However, large ponds require plants that provide more shading and prevent blankets of algae on the surface. Willow moss and starwort are some excellent choices for oxygenators in large ponds. Water lilies float on the surface of large ponds, they need more sunlight and don’t take too much space whilst creating a beautiful view with their pink hue.
Keeping plants in ponds will result in visibly fewer algae and weed growth, freshwater with healthy aquatic life, and firm soil. The roots of submerged pond plants keep the soil firm, preventing it from blowing away or from important nutrients eroding. Lastly, if you are aware of the benefits of specific pond plants it will result in the nourishment of the pond.
Another benefit of keeping pond plants is that they don’t require a lot of maintenance as the pond water and sunlight are enough to look after for themselves!
However clever the design of your pond, it is not until it has plants in it and around it, that it really begins to come alive. No matter what the finished project is intended to be – fish pond, water feature or wildlife habitat – the presence of plants adds not only to the aquatic environment itself, but to the overall aesthetic balance of the whole garden.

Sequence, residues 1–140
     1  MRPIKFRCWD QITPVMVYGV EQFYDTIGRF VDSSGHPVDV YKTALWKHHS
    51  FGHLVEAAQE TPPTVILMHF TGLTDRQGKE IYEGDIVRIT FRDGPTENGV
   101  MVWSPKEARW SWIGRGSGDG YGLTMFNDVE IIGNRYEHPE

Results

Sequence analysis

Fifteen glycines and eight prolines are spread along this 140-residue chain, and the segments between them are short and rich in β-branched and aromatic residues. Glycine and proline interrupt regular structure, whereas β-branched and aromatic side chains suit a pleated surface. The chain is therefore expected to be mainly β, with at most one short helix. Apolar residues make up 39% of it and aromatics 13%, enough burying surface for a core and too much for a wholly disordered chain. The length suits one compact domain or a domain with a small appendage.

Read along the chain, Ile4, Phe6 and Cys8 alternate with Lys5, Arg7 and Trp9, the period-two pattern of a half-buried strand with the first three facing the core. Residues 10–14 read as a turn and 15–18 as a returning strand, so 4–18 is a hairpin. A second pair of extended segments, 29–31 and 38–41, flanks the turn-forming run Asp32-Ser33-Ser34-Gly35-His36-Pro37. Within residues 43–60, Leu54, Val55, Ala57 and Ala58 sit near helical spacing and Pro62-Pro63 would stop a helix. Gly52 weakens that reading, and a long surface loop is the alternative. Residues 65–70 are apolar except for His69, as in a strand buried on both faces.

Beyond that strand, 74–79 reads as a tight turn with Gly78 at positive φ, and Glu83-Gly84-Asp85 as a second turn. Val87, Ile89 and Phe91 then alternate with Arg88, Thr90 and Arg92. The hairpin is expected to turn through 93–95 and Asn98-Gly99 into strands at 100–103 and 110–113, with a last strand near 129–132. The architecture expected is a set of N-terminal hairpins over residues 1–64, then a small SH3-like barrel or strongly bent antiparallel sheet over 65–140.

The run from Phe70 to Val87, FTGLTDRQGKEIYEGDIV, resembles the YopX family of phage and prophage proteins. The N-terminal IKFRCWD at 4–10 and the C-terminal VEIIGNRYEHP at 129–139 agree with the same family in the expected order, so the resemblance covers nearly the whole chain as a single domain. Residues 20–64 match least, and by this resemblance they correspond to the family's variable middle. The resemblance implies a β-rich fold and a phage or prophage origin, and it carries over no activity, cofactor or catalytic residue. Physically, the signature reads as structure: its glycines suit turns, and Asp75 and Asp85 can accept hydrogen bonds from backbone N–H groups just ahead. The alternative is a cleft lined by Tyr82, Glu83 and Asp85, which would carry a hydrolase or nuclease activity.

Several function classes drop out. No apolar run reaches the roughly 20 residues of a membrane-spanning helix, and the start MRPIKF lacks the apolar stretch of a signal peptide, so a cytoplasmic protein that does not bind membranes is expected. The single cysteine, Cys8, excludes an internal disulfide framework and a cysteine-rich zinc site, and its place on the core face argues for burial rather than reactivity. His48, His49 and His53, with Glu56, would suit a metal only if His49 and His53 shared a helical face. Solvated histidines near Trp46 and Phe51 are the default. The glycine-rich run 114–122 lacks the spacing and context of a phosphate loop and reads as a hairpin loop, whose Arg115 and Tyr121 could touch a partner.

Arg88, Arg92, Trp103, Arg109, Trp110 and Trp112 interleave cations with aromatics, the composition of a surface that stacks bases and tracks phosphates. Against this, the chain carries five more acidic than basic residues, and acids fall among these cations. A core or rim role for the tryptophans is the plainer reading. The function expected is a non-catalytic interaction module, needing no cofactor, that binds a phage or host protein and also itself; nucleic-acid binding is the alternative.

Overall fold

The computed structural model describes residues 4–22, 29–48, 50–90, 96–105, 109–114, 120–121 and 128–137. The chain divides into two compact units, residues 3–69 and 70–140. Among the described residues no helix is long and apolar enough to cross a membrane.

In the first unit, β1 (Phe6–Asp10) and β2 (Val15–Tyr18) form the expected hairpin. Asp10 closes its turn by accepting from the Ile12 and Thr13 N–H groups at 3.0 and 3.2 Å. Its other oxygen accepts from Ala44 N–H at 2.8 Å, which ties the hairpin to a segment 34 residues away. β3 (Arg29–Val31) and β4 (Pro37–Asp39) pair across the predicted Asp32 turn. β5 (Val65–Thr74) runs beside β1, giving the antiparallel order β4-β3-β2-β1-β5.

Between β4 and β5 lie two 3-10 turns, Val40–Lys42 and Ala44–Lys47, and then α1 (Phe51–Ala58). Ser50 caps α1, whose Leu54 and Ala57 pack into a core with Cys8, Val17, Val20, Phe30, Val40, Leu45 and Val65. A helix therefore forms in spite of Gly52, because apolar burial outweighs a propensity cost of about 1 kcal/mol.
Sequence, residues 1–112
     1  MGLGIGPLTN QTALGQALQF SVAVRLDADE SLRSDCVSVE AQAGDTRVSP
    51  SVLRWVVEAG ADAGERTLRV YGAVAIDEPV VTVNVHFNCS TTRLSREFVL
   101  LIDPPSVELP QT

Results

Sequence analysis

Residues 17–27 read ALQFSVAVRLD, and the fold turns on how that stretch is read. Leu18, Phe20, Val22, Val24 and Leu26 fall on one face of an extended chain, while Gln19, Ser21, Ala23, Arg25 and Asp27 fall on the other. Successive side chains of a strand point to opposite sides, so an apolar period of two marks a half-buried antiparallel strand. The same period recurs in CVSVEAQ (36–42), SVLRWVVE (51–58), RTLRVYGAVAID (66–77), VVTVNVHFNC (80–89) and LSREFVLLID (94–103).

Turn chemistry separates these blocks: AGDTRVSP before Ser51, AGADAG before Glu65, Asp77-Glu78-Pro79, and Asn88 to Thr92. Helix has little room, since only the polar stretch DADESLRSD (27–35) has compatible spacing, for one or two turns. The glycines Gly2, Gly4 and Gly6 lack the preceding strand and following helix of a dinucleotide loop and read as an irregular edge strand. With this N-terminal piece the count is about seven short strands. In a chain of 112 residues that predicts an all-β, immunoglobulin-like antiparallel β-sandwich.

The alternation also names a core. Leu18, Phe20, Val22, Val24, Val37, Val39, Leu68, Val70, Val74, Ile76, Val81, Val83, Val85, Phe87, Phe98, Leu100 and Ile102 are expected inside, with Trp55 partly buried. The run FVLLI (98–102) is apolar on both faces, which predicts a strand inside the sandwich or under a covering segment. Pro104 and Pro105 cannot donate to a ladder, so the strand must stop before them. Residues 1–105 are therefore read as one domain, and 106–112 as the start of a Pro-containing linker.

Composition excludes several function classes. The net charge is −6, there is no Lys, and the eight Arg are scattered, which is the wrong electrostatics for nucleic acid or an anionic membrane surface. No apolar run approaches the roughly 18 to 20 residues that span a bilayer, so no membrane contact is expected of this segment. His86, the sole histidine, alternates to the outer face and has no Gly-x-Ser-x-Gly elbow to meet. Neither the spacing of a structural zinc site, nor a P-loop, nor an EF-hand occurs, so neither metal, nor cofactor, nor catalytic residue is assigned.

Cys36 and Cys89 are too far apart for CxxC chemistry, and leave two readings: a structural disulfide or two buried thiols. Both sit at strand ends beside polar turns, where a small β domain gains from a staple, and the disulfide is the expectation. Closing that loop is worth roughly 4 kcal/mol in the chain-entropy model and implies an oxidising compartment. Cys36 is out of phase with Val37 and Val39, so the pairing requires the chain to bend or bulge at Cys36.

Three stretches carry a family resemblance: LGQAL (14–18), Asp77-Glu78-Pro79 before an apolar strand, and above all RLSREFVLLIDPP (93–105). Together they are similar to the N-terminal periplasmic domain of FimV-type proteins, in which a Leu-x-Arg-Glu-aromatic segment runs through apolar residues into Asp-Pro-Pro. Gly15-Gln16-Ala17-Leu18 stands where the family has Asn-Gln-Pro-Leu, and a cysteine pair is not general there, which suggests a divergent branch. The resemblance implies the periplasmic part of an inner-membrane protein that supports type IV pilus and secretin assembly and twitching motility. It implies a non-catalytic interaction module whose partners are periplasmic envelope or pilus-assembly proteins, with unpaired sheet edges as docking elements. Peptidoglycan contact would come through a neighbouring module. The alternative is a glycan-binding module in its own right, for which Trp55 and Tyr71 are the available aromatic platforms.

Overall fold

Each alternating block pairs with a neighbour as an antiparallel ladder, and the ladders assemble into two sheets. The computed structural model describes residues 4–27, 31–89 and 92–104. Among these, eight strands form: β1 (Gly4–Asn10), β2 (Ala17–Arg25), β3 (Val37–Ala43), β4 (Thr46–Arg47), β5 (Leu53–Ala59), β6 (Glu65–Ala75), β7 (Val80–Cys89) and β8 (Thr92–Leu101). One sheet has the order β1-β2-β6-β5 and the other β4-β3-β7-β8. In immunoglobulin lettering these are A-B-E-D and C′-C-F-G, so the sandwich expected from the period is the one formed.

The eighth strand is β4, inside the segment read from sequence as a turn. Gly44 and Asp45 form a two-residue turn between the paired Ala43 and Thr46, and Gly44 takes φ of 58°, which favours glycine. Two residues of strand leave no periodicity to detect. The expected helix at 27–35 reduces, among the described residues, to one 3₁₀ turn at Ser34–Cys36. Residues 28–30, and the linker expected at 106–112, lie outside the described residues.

Few other areas in a garden can equal the variety of forms and colours of the array of plants which suit a watery home and the final effect is, in many ways, limited only by your own imagination.
Not all aquatic plants are the same in terms of their requirements and a well planned pond will take this into account, providing the various groups – marginals, floaters, oxygenators and deep-water plants – with suitable places to thrive. The choice is a wide one – from exotic to native and from subtle to spectacular – so there really is something to suit everyone.
Marginal pond plants
Marginals are useful in giving vertical perspective to the pond, drawing the eye upwards from the surface of the water. Naturally occurring around the edges of ponds, these plants are usually accommodated on a purpose-built shelf or ledge around 6-9 inches (15-22cm) deep and are usually planted in pond baskets – perforated pots – to ensure the development of healthy roots. When they are first brought home, they should be positioned so that the top of the pot sits at the water surface level, though once they have become established, they can often be repositioned – the label usually giving the maximum depth they can tolerate.
Typical examples of marginals suitable for most ponds include:
Brooklime (Veronica beccabunga)
Bog Bean (Menyanthes trifoliate)
Corkscrew rush (Juncus effusus spiralis)
Marsh Marigold – (Caltha palustris )
Yellow flag- (Iris pseudocorus )